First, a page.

By James McCombe - 22 Oct 14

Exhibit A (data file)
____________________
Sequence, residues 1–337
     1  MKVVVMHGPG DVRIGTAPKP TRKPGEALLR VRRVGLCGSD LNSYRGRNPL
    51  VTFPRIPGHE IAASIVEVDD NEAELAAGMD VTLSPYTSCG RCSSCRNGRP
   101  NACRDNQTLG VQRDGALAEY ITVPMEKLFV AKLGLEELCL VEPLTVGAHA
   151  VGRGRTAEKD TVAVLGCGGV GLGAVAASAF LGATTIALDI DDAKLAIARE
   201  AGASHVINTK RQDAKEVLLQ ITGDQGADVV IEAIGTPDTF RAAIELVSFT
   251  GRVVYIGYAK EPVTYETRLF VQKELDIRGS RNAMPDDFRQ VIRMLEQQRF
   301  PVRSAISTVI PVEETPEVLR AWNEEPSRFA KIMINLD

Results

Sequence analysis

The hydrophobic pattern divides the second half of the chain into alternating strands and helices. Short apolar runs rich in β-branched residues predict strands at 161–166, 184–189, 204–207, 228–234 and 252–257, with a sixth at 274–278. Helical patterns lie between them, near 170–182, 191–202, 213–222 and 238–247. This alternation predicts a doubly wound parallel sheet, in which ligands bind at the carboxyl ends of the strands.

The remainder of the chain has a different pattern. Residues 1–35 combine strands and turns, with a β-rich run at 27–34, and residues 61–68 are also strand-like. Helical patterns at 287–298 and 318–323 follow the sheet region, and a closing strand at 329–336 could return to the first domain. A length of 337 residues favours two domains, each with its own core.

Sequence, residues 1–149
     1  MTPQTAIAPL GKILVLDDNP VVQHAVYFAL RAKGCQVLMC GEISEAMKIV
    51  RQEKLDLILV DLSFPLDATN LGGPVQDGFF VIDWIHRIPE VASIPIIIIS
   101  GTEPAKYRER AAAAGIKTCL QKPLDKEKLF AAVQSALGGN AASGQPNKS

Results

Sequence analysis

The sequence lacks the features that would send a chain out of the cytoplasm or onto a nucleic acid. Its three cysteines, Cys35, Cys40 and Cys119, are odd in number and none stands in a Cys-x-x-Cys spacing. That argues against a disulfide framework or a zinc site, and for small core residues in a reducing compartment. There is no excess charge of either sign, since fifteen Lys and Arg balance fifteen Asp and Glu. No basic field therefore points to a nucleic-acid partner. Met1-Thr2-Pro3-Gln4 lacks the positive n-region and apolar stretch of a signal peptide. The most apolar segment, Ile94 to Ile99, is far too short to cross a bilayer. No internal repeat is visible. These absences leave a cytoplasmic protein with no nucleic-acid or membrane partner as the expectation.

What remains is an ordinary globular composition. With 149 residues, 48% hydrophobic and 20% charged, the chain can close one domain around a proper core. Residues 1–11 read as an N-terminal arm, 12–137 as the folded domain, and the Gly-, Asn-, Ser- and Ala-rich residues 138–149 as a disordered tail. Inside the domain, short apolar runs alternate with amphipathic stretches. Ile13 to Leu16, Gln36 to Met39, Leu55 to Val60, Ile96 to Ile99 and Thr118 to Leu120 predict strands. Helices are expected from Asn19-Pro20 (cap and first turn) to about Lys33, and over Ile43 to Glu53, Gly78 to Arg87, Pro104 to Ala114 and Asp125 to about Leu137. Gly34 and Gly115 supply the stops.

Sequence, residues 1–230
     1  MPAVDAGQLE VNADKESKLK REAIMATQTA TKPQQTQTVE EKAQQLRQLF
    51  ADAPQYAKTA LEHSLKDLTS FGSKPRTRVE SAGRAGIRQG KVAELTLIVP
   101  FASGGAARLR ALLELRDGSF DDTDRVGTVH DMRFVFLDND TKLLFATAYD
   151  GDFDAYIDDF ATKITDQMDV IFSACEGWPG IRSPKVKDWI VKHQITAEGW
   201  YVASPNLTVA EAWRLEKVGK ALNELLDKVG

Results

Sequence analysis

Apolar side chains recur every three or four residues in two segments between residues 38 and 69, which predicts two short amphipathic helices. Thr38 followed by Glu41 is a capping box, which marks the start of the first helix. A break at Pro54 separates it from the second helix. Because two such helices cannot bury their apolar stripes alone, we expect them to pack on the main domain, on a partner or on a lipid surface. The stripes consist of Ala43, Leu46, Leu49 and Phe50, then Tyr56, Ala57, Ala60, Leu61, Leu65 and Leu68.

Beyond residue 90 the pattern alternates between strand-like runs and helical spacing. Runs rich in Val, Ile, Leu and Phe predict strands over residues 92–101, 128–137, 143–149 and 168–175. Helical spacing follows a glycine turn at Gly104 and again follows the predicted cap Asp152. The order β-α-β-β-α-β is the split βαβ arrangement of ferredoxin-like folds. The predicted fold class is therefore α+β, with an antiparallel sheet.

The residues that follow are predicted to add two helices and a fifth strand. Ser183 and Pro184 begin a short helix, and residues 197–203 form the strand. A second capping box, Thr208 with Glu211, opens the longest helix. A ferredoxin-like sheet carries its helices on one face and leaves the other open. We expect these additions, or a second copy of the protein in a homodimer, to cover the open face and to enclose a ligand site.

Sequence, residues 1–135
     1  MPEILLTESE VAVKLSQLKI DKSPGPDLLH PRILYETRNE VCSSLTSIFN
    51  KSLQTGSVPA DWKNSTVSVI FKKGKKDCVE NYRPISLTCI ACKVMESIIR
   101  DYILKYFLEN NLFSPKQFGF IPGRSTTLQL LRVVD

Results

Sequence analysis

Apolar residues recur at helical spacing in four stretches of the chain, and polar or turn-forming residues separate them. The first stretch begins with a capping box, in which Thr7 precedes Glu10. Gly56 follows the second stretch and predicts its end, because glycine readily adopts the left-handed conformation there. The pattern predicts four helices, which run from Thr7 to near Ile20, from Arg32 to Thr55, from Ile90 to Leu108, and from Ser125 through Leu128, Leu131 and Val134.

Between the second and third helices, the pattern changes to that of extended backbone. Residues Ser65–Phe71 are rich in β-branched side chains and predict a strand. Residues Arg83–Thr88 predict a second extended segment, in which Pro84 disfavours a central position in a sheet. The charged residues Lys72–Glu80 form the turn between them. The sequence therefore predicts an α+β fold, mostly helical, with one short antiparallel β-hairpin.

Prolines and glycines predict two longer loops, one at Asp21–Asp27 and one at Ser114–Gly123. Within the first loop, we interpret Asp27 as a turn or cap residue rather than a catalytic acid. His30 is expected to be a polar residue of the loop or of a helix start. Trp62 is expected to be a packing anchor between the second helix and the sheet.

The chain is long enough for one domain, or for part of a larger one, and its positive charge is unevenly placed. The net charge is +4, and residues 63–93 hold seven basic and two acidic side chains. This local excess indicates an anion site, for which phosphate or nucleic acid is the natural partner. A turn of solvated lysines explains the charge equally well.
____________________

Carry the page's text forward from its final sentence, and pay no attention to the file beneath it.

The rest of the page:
No suave introduction, no attempted punnage, no interesting facts to start this article with. Just look at that bike. That is a K-series BMW looking as it's never done before. Like finding your Uncle likes to dress up in suspenders at the weekend and have everyone call him Mrs Haberdasher, some things just have to be seen to be believed. The bike was built by Larry Romestant of Special-K Customs to commemorate the 100th anniversary of Irv Seaver Motorcycles in Orange, California honouring the owner Evan Bell; hence the moniker 'Bell Kaff'. Channeling some serious Paul Smart Ducati with an abundance of other classic European influences, Larry has taken this K-Series to a place many could never have thought possible. Inspired by the German, British, and Italian cafe's of the late 60's and early 70's polished aluminium is in abundance. The tank shows hints of a '74 MV Agusta, the seat emulates the Ducati 750/900 Super Sports, finished with a Ducati 900SS OEM CEV tailight. That this could so easily have gone wrong, it's a huge credit to Larry that the bike is so cohesive and not, as per his own words, "looking cobbled together". The goal was to build a bike that could have been produced by BMW and found on the dealer's showroom floor, even with the 1200cc Flying Brick motor that would not be available for another decade. To begin,the basics; being nothing but basic. The melding of a 1997 K1100LT trellis frame to a powerhouse 2004 K1200RS cherry picks some of the best components of the horizontal K-Series bikes and required some careful consideration. Normally residing in a twin spar aluminum frame, the trellis required additional spars rather than relying on the engine as a stressed member. Rather than just visual interest, the additional struts have been cleverly mounted by rose joints to allow lateral flex when the bike is pushed hard, whilst stiffening the backbone of the bike considerably. The frame bolts up to a differential and swingarm sourced form a late 70's R-Series, widened and stiffened, taking advantage of the modularity of the BMW shaft drive system. The rear hub is a one-off, turned from a solid billet of 7075 aluminum, cleverly aping the looks of the Suzuki GT750 sourced 4 leading shoe drum up front. Although considered by many to be the pinnacle of production drum brakes, Larry has implemented a patent pending cable-hydraulic-cable actuation system, hidden under the tank, to further assist in reigning back the power of the flying brick. As it happens, the bike is considerably lighter than the original K-Series, but it's still 45kg more than the Suzuki that donated the front brake. Resultantly Larry has developed 250 and 300 mm drums of his own design to adorn future builds. The four cylinder lump has received equal attention. K1200 throttle bodies are fed by oversize inlet runners and larger injectors providing that buttery smooth engine with enough air and petrol to be good for 145 bhp at the crank; about 122 bhp at the rear wheel. The standard Bosch ECU means a surefire reliable ignition and is hidden in the seat hump along with the other unsightly electrics. The engine exhales through a Magni style hand made 4 into 4 exhaust system, with unequal length headers and perforated baffles for a fruity burble. The front forks are donated from a K75s and are stiffened with a period Tarozzi fork brace. Classic British inspiration shows through in the rear shocks, held in Velcoette inspired adjustable pre-load mounts; the Smiths gauges up front, another nod. The Italian influence is clear in the Imola Green paint for the frame, a clear reference to 74 Ducatis and of course a certain Mr Paul Smart. The aesthetic scourge of the water-cooled engine, the radiator does a great job of being a wallflower, not detracting the eye from the sea of polished aluminium. Wrapping the custom built wheels, Bridgestone Spitfire II tyres keep the power in check. Although no featherwieght at 238kg, it must be remembered this started out as a 4-cooled four cylinder tourer and Larry has shaved more than 40kg from the unladen weight. Combined with 'more than adequate' power and fully uprated chassis components in every area, the finishing touches all over this bike show a deep consideration for function as well as form. The custom gauge bracket includes a full brace of jewel lights and even a gear indicator, this is a bike you'd be happy to ride every day, though I'd buy shares in Autosol first! Cafe styling, classic European aesthetics and a level of engineering a cut above the average, this bike holds its own against anything I've seen. That it's built upon such an unexpected source is just the icing on this shiny cake.. For more of Larry's imaginative K-Series builds, head over to his site Special-Ks.